Ideas and Action for a Better India
THE BELT & ROAD INITIATIVE
India’s perspectives on China’s ambitious plan for infrastructural connectivity in Asia, Africa and Europe
Opening remarks by Ranjit Barthakur – 21st April 2017 – Regional Dynamics of Belt & Road Initiative: BCIM – Bangladesh–China–India–Myanmar Forum for Regional Cooperation, CPEC – China–Pakistan Economic Corridor BIMSTEC – Bay of Bengal Initiative for Multi-Sectoral Technical and Economic Cooperation, IORA – Indian-Ocean Rim Association.
Good afternoon Ladies and Gentlemen, I am indeed grateful to Observer Research Foundation and Mr. Sudheendra Kulkarni for giving me the opportunity to speak at the plenary session on Regional Dynamics of Belt & Road Initiative.
I would also like to welcome my co-speakers Dr. Ren Jia from China, Dr. Abid Q Suleri from Pakistan, Dr. Sreeradha Datta from India and my friend, Ambassador Tariq Karim from Bangladesh.
China’s Belt and Road Initiative also known as One Belt One Road (OBOR), is one of President Xi’s most ambitious foreign and economic policies. It aims to strengthen Beijing’s economic leadership through a vast program of building infrastructure throughout China’s neighbouring regions. Many foreign policy analysts view this initiative largely through a geopolitical lens, seeing it as Beijing’s attempt to gain political leverage over its neighbours. There is no doubt that this is part of Beijing’s strategic calculation. However, this analysis argues that some of the key drivers behind OBOR are largely motivated by China’s pressing economic concerns.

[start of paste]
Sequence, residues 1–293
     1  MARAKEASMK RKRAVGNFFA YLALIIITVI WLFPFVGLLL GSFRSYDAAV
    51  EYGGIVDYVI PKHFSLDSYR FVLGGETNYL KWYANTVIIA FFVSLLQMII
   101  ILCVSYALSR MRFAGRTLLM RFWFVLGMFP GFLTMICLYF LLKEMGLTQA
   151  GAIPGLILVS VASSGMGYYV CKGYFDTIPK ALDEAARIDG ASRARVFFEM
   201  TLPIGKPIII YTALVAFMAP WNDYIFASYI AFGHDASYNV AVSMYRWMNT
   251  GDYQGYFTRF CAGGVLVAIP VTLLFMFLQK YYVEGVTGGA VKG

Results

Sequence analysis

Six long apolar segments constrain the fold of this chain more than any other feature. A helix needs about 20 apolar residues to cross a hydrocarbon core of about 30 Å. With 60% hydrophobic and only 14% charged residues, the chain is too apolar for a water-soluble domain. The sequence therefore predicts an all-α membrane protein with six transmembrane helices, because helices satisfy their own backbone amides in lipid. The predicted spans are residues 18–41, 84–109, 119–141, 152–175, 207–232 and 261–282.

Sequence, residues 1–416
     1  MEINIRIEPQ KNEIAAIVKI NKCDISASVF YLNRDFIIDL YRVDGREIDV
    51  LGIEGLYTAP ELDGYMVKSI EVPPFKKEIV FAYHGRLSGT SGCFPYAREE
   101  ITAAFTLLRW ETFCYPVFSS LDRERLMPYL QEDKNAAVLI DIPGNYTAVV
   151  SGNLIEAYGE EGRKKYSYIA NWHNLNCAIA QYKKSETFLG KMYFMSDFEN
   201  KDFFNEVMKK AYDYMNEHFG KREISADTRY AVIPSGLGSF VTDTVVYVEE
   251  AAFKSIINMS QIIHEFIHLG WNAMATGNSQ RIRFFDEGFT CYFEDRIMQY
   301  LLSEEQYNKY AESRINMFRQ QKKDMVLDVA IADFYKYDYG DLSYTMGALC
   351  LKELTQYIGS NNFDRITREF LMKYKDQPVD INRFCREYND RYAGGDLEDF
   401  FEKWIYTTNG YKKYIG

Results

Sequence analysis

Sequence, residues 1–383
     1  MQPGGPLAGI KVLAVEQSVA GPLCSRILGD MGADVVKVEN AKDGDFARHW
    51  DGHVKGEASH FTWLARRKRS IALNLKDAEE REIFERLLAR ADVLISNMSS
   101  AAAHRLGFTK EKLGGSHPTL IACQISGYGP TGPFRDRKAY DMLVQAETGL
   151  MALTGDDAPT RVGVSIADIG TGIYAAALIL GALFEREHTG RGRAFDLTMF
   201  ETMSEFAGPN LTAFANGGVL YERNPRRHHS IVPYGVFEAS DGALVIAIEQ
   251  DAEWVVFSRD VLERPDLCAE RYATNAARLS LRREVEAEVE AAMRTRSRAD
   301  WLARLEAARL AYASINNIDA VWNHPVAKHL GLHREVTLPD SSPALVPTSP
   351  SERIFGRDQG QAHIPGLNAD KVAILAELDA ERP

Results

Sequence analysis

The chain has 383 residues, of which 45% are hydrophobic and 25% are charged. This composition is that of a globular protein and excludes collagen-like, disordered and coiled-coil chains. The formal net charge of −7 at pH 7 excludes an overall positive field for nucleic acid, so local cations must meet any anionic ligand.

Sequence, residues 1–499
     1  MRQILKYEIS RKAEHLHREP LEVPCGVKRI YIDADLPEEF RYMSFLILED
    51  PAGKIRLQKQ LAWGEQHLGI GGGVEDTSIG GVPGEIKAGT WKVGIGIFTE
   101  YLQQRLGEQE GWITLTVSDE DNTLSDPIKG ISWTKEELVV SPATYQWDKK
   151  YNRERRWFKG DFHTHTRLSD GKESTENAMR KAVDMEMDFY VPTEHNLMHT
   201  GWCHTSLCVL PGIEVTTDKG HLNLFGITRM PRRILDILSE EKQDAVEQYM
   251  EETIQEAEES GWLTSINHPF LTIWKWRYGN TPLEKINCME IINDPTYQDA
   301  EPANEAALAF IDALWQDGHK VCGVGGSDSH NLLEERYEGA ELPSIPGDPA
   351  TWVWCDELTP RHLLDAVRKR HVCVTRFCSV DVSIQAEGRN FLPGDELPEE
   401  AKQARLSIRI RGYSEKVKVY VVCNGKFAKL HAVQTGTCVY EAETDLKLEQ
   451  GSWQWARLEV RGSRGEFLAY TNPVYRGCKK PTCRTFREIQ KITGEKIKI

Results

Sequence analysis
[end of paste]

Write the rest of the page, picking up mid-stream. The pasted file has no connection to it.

All levels of the Chinese Government, from the national economic planning agency to provincial universities, are scrambling to get involved in OBOR. Nearly every province in China has developed its own plan to complement the national blueprint. Major state-owned policy and commercial banks have announced generous funding plans to fulfill President Xi’s ambitious vision.
Xi launched this at a time when Chinese foreign policy has become more assertive. This plan seems to have geopolitical undercurrents to it than a purely economic interest.
Admittedly, analysists are of the view that China’s industrial policy shall be impacted by obscuring economic means to geopolitical concerns.
- This will encourage and aid in the process of regional economic integration, speed up the process of building up infrastructure and connectivity.
- China will assert its regional leadership through a holistic program of economic integration.
- It is likely that Chinese domestic components in projects will be built before any overseas components for the simple reason that Beijing can enforce its plans much more effectively within its own jurisdiction.